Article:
Monroe, Robert - Accidentally sniffs glue
Type of Spiritual Experience
Robert Monroe is a famous name amongst spiritual explorers – a pioneer in the use of sound to generate experiences and a very extensive out of body explorer. What many may not realise is that he was also a ‘sniffer’!!
The following quote comes from one of his best known books. It may be helpful to know that toluol is another name for toluene, however, The Trilene he refers to is the chemical compound trichloroethylene (C2HCl3) - a chlorinated hydrocarbon commonly used as an industrial solvent. It is a clear non-flammable liquid with a sweet smell. The IUPAC name is trichloroethene. Industrial abbreviations include TCE, trichlor, Trike, Tricky and tri. It has been sold under a variety of trade names. Under the trade names Trimar and Trilene, trichloroethylene was used as a volatile anesthetic and as an inhaled obstetrical analgesic in millions of patients.
A description of the experience
Journeys out of the body – Robert Monroe
The first consideration might be termed the anaesthesia episode, which took place some six months prior to the first symptom. The beginning came when I noticed an unusual 'heady" effect from the fumes of a gallon can of contact cement. I was installing a cubby-hole desk top in the wall of a bedroom at home when I became aware of the sensation.
The can clearly stated on the lid that the cement should be used in well-ventilated areas. I correctly assumed that this was a fire-hazard warning from the manufacturers. The sensation reminded me of the strange effect I had experienced in the past just as I was "going under" from anaesthesia. Curious, I experimented with the effect of the fumes a number of times in the following month, with very significant result.
Upon learning that the fuming agents were toluol (a common commercial hydrocarbon detergent) and acetone (once used as anaesthetic), I made several experiments with the subjective effects of light anaesthesia, utilizing a less volatile and relatively safe inhalant, Trilene. In retrospect the results of these experiments seem to parallel closely the reports of those who have undertaken the LSD experience. Intensely vital and not at all unpleasant, the effects may well have triggered an inner desire or need for experiences beyond those I had had to that date.
Reluctantly, I stopped the experiments, as there seemed inherent dangers of physiological side effects if they were continued. Although I had set up rigid controls, there was no certainty that they would always work. However, I did find out some interesting facts about anaesthesia to satisfy my curiosity. In Ireland, it seems, ether was sold by the spoonful by peddlers who ladled it out at street-side each morning. In the early days, medical students often had "ether parties," much like the parties of the "black market" LSD users today.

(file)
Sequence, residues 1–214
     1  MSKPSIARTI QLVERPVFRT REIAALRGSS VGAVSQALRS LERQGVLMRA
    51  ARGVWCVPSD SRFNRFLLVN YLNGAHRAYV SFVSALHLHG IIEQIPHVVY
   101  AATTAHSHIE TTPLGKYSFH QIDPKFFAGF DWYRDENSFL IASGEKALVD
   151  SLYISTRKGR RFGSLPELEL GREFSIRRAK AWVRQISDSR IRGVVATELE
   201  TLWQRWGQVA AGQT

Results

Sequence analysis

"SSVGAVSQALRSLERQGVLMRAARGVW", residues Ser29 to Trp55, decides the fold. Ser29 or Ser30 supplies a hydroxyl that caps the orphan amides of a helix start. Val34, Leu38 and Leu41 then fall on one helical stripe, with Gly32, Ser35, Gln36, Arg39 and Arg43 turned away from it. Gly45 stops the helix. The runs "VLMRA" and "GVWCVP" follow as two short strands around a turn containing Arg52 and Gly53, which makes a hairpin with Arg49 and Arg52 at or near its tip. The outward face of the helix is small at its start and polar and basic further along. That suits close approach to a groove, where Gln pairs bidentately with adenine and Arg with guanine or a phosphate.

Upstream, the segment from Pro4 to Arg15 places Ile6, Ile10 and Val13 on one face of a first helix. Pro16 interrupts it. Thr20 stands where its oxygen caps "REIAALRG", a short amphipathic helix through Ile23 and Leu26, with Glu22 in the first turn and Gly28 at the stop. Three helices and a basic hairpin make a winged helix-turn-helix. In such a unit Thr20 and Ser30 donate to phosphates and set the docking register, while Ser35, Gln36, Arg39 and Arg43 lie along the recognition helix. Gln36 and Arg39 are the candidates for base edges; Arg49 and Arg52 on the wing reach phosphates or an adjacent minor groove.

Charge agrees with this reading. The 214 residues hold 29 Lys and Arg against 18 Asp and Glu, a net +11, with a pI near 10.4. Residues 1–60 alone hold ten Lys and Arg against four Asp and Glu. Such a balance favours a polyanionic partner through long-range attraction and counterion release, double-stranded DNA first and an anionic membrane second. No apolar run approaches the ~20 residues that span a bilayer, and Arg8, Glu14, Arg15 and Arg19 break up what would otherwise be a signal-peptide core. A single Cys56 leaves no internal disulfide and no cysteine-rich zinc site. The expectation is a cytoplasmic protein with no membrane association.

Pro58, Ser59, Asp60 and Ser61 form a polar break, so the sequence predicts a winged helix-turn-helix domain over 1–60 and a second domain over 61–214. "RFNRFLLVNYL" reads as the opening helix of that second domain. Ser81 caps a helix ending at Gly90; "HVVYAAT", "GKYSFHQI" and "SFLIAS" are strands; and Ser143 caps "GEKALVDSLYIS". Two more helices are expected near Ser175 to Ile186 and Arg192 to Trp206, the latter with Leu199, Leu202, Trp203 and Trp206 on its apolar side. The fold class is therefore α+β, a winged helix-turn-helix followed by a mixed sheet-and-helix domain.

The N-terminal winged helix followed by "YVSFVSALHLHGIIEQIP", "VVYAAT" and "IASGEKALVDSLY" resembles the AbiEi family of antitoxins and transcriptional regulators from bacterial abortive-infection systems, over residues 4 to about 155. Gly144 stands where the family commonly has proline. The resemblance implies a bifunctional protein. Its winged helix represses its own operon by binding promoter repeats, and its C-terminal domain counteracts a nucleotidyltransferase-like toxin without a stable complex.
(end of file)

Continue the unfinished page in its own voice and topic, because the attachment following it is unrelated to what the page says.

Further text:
Doctors have reported that ether addiction has been quite common through the years. Captains of gasoline tankers have problems with a seagoing version of the wino. When signed on as crew, these men appear completely normal, until they are found unconscious alongside a cargo vent. I understand they are labelled "sniffers." Further, I learned the relationship between alcohol and other anaesthetics. Any anaesthetic produces a trail from consciousness to an unconscious state beyond which is death.
The job of the anaesthetist is to "put down" or place the patient in a deep unconscious state as quickly as possible, avoiding any "violent" intermediate condition (which is the area I evidently explored). The technique then is to hold the unconscious patient just above death.
The major advantage of ether when it was first introduced was that it had fewer possible side effects than alcohol and offered greater control of the degree of unconsciousness. The period of consciousness following administration was quite short, and the unconscious state was quite extended before the terminal point (death) was reached.
The period of consciousness following the administration of alcohol, on the other hand, is quite long. When deep unconsciousness is reached, the distance to the terminal point is much shorter. The margin is so narrow that continued administration of alcohol to a patient after he has "passed out" can well cause death.